Mohamed stayed and talked to us during the afternoon,  He was well-traveled and saw his country from an outsider’s point-of-view. As a result, he was disillusioned with many aspects of Algerian society. Most of Laghouat’s girls lived in purdah, being entirely enveloped in a white sheet whenever they were in public. Although Mohamed was sure he would like to marry some day, he felt that these girls would be too narrow-minded, having little or no experience outside their mother’s kitchen. He would not be given the opportunity to talk with the girl to find out her opinions on life and judge her personality before they were married.  He thought for this reason that it was most likely he would marry a foreign girl.

Mohamed became an orphan when his father died in a French prison during the War of Liberation. He has one sister who is married and living in purdah.  She is uneducated.  Mohamed longs for female companionship, and it seems tragic that he is denied this for religious reasons. It cannot help in the development of a young nation when half of the population is wasted in such mind-destroying imprisonment while the other half must work alone, unsupported by any woman workers in society.  A young man like Mohamed is left with nothing to aim for, except to drift into an arranged and perhaps unacceptable and unhappy marriage.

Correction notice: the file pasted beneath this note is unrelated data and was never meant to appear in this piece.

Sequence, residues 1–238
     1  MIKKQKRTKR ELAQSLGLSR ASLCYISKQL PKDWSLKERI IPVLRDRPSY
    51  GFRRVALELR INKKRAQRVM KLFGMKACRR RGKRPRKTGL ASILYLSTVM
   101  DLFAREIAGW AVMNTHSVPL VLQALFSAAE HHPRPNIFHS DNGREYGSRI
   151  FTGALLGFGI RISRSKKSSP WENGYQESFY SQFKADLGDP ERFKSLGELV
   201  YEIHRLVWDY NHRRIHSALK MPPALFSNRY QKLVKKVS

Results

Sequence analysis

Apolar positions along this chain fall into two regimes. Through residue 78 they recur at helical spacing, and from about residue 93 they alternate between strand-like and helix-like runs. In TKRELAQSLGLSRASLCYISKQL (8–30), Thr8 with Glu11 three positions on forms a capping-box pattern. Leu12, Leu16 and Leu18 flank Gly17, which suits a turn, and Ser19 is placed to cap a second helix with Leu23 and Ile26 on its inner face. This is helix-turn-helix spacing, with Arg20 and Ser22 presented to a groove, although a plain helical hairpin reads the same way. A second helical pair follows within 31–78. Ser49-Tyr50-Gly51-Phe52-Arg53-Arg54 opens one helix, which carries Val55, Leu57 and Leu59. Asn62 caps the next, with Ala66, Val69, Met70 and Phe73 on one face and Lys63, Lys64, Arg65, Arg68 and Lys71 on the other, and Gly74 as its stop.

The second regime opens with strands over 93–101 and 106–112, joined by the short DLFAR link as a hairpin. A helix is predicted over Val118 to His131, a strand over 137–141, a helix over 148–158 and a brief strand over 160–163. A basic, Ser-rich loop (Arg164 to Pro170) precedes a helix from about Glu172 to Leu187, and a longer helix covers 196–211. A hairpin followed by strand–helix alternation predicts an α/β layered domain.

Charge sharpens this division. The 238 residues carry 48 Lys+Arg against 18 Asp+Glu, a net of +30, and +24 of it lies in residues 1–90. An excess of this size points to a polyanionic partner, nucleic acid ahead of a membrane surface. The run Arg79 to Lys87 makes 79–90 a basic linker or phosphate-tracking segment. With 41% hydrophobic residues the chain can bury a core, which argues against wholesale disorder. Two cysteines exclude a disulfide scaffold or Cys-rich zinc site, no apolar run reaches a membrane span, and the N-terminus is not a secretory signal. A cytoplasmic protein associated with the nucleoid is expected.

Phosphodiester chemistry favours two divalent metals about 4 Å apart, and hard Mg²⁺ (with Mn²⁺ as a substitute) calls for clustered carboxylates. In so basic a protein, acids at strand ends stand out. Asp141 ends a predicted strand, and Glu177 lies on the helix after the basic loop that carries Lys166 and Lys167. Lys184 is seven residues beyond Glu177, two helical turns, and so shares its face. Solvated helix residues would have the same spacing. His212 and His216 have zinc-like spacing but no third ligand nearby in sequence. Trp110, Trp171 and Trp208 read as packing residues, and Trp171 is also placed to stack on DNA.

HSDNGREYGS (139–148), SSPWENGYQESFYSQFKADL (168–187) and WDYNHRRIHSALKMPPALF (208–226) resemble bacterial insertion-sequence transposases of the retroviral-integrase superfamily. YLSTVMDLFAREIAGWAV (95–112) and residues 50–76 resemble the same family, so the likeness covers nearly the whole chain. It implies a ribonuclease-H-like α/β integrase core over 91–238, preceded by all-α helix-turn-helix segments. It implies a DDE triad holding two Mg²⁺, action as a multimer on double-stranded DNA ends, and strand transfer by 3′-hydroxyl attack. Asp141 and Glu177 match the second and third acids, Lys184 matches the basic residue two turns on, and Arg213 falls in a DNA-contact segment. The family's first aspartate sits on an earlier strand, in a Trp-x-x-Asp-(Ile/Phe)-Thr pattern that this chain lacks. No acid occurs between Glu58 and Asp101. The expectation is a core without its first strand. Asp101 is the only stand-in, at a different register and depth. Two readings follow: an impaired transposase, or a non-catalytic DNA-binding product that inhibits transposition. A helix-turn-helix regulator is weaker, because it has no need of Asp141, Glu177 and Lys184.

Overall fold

When we left the next morning, we made arrangements to meet Mohamed again in Ghardaia, his home town, since he had business to attend to and would be returning there the next day. South of Laghouat, we camped in the desert which was still dotted thinly with tussock grass.  The next day, we saw several oil wells and pipelines.  It was the discovery of oil in the desert which offered Algeria the chance to rebuild after independence. The reserves are not great, and from what we had seen, the standard of living in the country-side was still very low. 

Back in England some years before, we had been given a slim paperback “The Desert taxi” by Michael Marriott (1956 Panther Paperbacks).  It described the journey that  Michael and his wife had made across the Sahara in 1953 in a thirty year old London taxi.  This told us that 26 years before our journey, the sealed road had ended 100 miles south of Laghouat.  Then the road had dropped this intrepid couple and their taxi into a deep pit of nearly impenetrable soft sand.   Fortunately for us, the sealed surface now continued on for a further 200 miles past this point.  

At mid-day, we stopped in the desert with a broken clutch cable.  We knew that there was a spare one packed somewhere in the van, and after unloading practically everything, we finally found it.  This was an example of how Evan’s forward planning had prevented disaster.  Without the spare, one of us would have had to hitch a ride to the nearest town, arrange for one to be flown in, possibly from as far away as Europe, and then we would have had to wait a week or more for it to be flown out to us.  All this would have been very hard on our budget and would have delayed us, possibly disastrously. As it was, after a few hours delay, we were on our way.  We were becoming very philosophical about repairs to the van by now.  We expected one thing or another to crop up every day, and it usually did.